A decade of “austerity” – a political programme of slashing public spending on services in a bid to reduce government budget deficits – has seen significant effects on the health and wellbeing of Britons, new research has reported.
Life expectancy has stalled and mortality rates have increased, especially for the poorest in the United Kingdom, according to a report commissioned by the Institute of Health Equity.
The report, Health Equity in England: The Marmot Review Ten Years On, was launched on Tuesday and sees Sir Michael Marmot, a former president of the World Medical Association, updating his influential 2010 report, having been asked by the then-Labour government to study the question: “Is inequality making us sick?”
Marmot’s latest research analysed a wealth of data from the Office for National Statistics (ONS) and Public Health England to explore what has happened since his last landmark report. And the answer can only be summarised as: Not only is inequality making us sick but it is killing us quicker.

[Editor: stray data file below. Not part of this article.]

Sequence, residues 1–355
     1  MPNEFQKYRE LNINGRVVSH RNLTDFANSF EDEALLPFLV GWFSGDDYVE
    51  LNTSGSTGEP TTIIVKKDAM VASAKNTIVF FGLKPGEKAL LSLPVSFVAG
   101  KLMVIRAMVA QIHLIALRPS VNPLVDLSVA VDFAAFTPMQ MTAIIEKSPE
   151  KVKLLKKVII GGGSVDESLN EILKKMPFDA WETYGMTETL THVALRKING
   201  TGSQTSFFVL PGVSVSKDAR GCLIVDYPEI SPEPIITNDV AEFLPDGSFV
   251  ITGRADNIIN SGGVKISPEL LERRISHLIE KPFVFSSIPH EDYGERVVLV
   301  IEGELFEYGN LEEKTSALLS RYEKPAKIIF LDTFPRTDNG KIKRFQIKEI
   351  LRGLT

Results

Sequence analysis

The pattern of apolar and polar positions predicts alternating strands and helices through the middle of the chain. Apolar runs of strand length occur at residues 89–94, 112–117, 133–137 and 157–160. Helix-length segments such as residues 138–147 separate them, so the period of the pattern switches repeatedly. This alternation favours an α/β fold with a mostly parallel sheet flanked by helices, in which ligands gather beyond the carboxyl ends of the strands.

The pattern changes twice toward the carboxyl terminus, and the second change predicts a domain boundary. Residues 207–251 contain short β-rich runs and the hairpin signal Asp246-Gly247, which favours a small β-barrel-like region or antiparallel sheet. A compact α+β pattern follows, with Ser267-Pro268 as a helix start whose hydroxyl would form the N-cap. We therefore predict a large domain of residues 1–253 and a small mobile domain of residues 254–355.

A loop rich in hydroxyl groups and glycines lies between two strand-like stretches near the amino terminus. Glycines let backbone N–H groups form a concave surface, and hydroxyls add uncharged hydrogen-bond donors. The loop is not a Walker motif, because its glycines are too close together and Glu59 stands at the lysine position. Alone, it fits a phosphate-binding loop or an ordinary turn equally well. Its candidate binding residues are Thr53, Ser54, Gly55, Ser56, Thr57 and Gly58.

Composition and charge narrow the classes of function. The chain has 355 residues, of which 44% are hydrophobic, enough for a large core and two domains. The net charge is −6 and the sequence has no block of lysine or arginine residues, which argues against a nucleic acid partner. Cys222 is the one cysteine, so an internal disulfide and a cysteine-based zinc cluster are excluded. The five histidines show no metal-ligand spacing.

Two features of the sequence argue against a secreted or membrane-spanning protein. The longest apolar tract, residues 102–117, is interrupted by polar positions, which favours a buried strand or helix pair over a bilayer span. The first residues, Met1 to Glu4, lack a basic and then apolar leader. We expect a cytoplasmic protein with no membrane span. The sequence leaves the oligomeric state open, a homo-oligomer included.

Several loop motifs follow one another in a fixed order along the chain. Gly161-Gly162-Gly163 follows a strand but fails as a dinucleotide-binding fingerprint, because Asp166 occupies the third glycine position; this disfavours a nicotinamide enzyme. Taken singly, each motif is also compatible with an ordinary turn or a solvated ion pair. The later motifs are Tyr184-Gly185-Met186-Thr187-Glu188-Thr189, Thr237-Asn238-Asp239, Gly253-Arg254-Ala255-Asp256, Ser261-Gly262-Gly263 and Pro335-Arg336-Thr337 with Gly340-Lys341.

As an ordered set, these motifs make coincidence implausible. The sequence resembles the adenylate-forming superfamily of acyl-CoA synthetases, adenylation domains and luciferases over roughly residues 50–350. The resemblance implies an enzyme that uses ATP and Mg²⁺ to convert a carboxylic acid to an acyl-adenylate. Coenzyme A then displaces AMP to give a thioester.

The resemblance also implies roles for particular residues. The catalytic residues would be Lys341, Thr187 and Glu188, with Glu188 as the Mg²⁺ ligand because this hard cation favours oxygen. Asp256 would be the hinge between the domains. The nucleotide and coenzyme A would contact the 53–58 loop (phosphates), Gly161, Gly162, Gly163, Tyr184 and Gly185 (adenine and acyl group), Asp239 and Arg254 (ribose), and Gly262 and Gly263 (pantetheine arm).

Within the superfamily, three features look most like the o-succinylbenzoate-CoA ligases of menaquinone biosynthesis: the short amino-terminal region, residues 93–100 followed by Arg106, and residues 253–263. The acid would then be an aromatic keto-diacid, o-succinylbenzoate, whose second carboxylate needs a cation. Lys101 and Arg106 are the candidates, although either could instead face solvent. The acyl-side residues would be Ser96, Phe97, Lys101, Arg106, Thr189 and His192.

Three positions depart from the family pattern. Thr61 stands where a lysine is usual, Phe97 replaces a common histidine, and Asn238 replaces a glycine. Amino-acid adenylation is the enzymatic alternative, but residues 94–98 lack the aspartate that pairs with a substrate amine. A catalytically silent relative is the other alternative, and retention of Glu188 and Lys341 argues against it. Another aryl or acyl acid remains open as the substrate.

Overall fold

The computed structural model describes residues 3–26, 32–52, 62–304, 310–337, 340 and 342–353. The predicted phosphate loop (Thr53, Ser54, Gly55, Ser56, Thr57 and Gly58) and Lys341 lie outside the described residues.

In the past decade – for the first time in 120 years of increasing life expectancy in England – life expectancy has stalled for those people living in the UK’s 10 percent most deprived areas, particularly in the northeast.
Among women from the most deprived areas – especially British women of Bangladeshi and Pakistani origin – life expectancy fell between 2010-2012 and again between 2016-2018.
Mortality rates have meanwhile increased for people aged between 45 and 49 – the generation that grew up under former Prime Minister Margaret Thatcher’s administrations. The report details how life expectancy follows the social gradient – the more deprived the area, the shorter the life expectancy.
Marmot’s data analysis finds that, as the social gradient has become steeper, so inequalities in life expectancy have also increased.